PRESS-NEWS.org - Press Release Distribution
PRESS RELEASES DISTRIBUTION

Climate change effects hit marine ecosystems in multiple waves, according to marine ecologists

A Brown professor and two Brown-trained scientists co-authored a research review proposing a ‘more realistic’ conceptual model for understanding current and future changes to marine ecosystems in the wake of climate change.

Climate change effects hit marine ecosystems in multiple waves, according to marine ecologists
2023-11-15
(Press-News.org) PROVIDENCE, R.I. [Brown University] — A new approach to examining the effects of climate change on marine ecosystems may provide a more accurate understanding of climate change responses — and predictions for future consequences — according to a new paper co-authored by a Brown University biologist.

The paper, published in the Annual Review of Ecology, Evolution, and Systematics, highlights the interplay between the trend of climate warming and the fluctuations in local temperature. These two properties cause atypically warm events such as marine heatwaves to occur with increasing frequency and magnitude.

However, the interaction between the steadily warming climate and the spikes in local temperatures tends to be underappreciated, according to study co-author Jon Witman, a professor of biology at Brown University.

“Climate change studies often focus on the trend of global warming,” Witman said. “But organisms in the ocean are also experiencing temperature fluctuations, and that’s less studied and therefore less understood. What we’re trying to do is to add more reality into ocean climate change studies by considering both the smooth, upward trend of climate warming as well as the variability on top of that trend.”

The paper proposes a new approach for understanding and modeling the effects of marine climate change, with suggestions for future research.

Witman offered coral as an example that illustrates the need for a new approach. While an organism like coral is already trying to adapt to the trend of rising temperatures, he noted, it then endures a heat wave, which causes a large and sudden spike in temperature.

Temperature spikes tend to lead to coral bleaching, which is when metabolically stressed corals expel the beneficial microscopic algae living within them and turn white. If the temperature stays high and algae are unable to return to their host coral, the bleached coral will die.

Witman pointed to heat waves in the Mediterranean that have led to an increase in coral bleaching and death of corals and sea fans.

Extreme events such as heat waves may alter or damage marine ecosystems in ways that leave them more vulnerable to both progressive climate change as well as the next temperature fluctuation, Witman added. A more realistic model may help scientists better identify areas where coral is more likely to die off in an extreme event leaving coral-dependent organisms at risk over time, he said.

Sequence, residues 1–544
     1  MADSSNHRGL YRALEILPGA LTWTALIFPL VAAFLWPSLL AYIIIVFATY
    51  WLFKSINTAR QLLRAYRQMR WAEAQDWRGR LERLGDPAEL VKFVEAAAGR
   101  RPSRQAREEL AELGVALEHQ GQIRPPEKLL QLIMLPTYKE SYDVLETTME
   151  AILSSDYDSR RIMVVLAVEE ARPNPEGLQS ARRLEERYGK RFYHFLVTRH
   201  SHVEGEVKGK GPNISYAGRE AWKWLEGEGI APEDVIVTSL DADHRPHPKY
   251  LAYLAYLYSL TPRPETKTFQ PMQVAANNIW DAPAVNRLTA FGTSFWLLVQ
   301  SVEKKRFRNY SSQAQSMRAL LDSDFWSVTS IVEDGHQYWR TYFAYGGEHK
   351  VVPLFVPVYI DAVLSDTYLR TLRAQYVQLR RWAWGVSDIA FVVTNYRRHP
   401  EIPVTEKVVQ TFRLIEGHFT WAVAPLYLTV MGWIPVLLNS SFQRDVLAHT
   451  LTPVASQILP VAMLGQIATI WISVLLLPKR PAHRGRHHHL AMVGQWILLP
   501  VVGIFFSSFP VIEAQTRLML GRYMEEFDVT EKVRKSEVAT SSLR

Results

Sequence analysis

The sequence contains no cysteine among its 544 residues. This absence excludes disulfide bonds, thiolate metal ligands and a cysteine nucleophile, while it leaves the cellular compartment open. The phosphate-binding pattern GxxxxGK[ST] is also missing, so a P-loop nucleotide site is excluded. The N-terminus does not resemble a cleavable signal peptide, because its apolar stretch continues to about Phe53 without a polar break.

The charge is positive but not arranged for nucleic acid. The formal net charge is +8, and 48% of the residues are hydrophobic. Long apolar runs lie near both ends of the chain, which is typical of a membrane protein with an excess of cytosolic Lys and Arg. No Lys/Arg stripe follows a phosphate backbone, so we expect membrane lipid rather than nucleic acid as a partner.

In other cases, temperature variability can lead to an opposite response in the affected organism: an ability to acclimatize or adapt to temperature extremes, depending on their frequency and intensity.

These responses to variable events like heat waves compound and are compounded by the effects caused by rapidly and steadily increasing ocean temperatures, Witman said.

Witman collaborated with Andrew Pershing of the nonprofit Climate Central, who studied biology as an undergraduate at Brown, and John Bruno, a professor of biology in the University of North Carolina at Chapel Hill, who earned a Ph.D. in ecology and evolutionary biology from Brown.

In their paper, Bruno, Pershing and Witman considered how organisms and communities adapt or adjust to both smooth trends and variable changes, and then reviewed processes that influence the rate at which marine communities adjust to changes in their physical environment — as well as those processes that might hamper adaption or acclimatization.  The researchers stressed that all of these factors illustrate why it’s key to consider both types of change when studying marine climates.

“If we just study how organisms respond to the smooth trend, we miss all the variability, which is driving ecological change,” Witman said. “It’s not just a matter of worsening physiological stress over time; there are also variable events that have their own ripple effects.”

In the paper, the researchers created a global model that shows the variability in temperature relative to trend, highlighting regions where extreme temperatures are likely to have particularly deleterious effects. In the areas of the Gulf of Maine, the Caribbean Sea and the Mediterranean Sea, they write, there are high probabilities of exceptional warming events and “ecological surprises.” Research shows that key foundation species in these regions, such kelp and corals, have already experienced substantial climate-related changes.

“These areas, especially, warrant investigation to improve our understanding of what's going to happen in the future — as well as our conception of what we’re calling, ‘the new ocean,’” Witman said.

This work was supported by the National Science Foundation, Biological Oceanography Program (OCE-2035354, OCE-1851866, OCE-2128592).